Gatherings limited to eight people under Swedish coronavirus curbs

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Malmo: Sweden is to limit gatherings in the country to a maximum of eight people in what Stefan Loefven, the prime minister, described as "an extremely interventionist measure which has no equivalent in modern times".

The new tougher approach brings the Scandinavian nation – which in the spring imposed the lightest restrictions in Europe – closer to a lockdown than at any time in the pandemic.

Limited to groups of eight: people sit along a street in the town of Visby in Gotland, Sweden. Credit:Getty Images

Those arranging public events for over eight people will face fines or even imprisonment, while those holding private gatherings are strongly recommended to stay below the threshold.

"There should be no social situations with more than eight people, even if they are not formally covered by the law," Loefven said at a press conference yesterday.

"This is the new norm for the whole of society and the whole of Sweden. Do not go to the gym, do not go to the library, do not have dinner parties, do not have parties. Just cancel it."

The new limit will come into force on November 24 and is initially expected to apply for four weeks, but in a press release the government said it was ready to extend the recommendation over Christmas and the new year if necessary.

People sit at tables outside a cafe at Kungstrdgrden in Stockholm, Sweden.Credit:Bloomberg

Loefven said that adherence to the new restrictions was essential if the current surge in infections was to be brought under control.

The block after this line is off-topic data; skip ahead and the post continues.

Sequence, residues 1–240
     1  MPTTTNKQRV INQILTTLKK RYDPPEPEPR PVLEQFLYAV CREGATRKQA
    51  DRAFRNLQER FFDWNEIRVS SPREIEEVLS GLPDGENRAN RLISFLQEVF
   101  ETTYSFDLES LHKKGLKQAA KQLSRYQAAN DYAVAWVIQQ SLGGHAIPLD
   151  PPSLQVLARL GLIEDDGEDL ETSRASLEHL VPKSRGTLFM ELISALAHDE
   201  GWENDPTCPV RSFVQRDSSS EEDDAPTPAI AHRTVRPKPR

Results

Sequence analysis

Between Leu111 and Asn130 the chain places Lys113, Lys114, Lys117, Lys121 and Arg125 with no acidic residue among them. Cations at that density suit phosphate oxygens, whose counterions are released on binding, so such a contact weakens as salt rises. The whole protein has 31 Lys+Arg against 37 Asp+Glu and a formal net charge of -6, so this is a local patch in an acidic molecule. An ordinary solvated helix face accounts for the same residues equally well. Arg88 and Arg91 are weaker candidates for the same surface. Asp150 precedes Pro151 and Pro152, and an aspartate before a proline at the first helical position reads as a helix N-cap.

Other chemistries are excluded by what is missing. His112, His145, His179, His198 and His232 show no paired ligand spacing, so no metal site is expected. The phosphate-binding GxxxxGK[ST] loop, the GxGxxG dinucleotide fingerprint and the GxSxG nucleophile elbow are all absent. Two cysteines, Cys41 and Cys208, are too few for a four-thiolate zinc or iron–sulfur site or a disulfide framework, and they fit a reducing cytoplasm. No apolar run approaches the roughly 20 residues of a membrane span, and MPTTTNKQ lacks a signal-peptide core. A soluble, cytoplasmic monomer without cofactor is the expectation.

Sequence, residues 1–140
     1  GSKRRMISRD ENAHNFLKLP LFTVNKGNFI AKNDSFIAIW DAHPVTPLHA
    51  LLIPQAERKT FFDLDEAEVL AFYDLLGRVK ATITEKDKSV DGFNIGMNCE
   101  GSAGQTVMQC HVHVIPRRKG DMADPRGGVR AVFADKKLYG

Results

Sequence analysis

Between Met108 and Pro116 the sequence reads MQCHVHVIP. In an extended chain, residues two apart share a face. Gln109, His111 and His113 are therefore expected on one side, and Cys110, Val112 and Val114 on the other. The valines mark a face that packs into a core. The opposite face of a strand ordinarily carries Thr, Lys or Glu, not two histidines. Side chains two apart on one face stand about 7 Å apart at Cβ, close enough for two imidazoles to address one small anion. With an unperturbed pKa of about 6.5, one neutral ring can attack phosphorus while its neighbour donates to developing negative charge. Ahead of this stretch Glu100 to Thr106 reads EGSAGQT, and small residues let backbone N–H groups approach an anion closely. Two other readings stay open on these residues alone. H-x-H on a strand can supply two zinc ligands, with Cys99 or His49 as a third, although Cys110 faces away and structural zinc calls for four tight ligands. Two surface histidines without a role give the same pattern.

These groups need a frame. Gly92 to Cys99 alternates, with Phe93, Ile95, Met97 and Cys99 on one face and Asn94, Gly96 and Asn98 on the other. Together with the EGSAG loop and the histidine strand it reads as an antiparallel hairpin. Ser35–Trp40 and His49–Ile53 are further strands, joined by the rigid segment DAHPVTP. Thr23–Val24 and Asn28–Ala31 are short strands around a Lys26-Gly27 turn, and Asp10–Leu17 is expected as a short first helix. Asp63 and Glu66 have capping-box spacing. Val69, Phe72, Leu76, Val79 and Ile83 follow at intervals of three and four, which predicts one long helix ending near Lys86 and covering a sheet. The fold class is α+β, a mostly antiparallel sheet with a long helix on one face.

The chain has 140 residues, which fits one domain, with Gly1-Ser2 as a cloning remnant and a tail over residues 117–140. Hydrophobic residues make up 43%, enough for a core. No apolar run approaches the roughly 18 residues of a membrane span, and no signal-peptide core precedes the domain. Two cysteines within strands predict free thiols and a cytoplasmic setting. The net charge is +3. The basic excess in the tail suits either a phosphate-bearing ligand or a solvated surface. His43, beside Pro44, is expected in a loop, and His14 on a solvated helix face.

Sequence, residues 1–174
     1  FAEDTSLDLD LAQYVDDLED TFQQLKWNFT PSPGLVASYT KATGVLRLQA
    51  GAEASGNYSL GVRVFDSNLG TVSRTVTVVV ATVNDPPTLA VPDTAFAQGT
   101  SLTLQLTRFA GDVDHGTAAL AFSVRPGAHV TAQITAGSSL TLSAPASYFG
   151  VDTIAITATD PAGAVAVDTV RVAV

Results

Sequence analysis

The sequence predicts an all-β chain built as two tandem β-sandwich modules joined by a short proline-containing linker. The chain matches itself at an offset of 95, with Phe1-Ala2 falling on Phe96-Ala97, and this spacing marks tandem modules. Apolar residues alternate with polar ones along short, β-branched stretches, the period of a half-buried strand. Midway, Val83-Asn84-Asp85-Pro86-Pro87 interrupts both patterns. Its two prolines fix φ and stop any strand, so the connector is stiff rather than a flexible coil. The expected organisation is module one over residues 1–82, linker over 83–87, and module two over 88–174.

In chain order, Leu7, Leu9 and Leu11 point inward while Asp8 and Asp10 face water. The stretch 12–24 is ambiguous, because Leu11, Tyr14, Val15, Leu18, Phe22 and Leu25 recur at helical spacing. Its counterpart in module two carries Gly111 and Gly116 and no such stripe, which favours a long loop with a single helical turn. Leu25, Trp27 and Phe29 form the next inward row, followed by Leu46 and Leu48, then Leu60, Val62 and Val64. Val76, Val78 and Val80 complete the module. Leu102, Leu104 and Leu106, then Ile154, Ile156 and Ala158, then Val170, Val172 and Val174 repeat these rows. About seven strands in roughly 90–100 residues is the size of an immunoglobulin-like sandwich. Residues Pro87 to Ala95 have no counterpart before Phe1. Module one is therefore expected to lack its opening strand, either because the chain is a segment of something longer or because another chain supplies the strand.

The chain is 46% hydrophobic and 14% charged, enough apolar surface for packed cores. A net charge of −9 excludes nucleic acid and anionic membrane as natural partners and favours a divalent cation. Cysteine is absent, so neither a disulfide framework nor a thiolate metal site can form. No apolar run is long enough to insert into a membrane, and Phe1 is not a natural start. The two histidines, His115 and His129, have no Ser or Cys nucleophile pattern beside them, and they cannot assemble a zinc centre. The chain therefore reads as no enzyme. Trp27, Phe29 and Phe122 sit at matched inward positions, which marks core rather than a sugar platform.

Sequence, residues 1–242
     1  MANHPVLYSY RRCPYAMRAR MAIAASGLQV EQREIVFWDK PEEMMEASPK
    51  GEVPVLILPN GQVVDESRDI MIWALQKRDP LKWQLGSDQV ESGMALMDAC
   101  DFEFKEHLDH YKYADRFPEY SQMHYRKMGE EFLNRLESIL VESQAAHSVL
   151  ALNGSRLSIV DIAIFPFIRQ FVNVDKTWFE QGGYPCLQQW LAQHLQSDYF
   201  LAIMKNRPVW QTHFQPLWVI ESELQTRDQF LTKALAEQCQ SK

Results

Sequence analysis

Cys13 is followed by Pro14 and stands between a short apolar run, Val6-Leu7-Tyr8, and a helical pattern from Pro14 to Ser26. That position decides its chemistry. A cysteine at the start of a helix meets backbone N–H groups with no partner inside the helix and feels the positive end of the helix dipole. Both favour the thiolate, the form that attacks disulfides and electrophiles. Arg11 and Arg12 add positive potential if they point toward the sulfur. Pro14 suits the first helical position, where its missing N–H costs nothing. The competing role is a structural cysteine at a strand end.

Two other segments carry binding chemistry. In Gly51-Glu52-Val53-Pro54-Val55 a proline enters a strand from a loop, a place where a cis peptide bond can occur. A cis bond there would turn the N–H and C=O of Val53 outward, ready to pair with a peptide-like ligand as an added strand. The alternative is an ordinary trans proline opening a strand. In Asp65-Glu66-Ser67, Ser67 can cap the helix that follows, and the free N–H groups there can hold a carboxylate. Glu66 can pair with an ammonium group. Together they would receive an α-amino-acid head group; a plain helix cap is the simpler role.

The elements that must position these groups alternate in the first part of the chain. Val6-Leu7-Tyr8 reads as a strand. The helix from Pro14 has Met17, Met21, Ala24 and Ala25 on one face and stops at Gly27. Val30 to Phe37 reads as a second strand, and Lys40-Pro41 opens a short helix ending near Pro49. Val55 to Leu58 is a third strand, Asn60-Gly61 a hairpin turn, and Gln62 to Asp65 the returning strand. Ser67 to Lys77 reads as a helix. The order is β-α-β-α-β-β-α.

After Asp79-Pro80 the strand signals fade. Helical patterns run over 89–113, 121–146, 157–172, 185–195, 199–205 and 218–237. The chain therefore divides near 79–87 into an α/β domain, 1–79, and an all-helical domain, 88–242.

"This is going to get worse," he said. "Do your duty, take your responsibility to stop the spread."

The number of people testing positive in Sweden hit a new daily record of 5990 new cases on Friday, with the number of positive diagnoses rising by about 50 per cent a week.

The country's public health agency began rolling out "general local recommendations" to the most hard-hit regions from the middle of last month, but Lena Hallengren, Sweden's health minister, said that the recommendations, which were far-reaching but not backed by law, had not been sufficiently widely followed.

"Over recent weeks, the recommendations have been sharpened and strong measures have been taken. Despite this, behaviour has not yet changed enough to turn the direction of the development," she said. "The curves are still going in the wrong direction."

The new measures should not be interpreted as being the beginning of a hard lockdown of the sort in place in Britain and several other European countries, Loefven said. "We do not believe in a total lockdown, we believe that the measures are putting in place are the right ones," he said.

Telegraph, London

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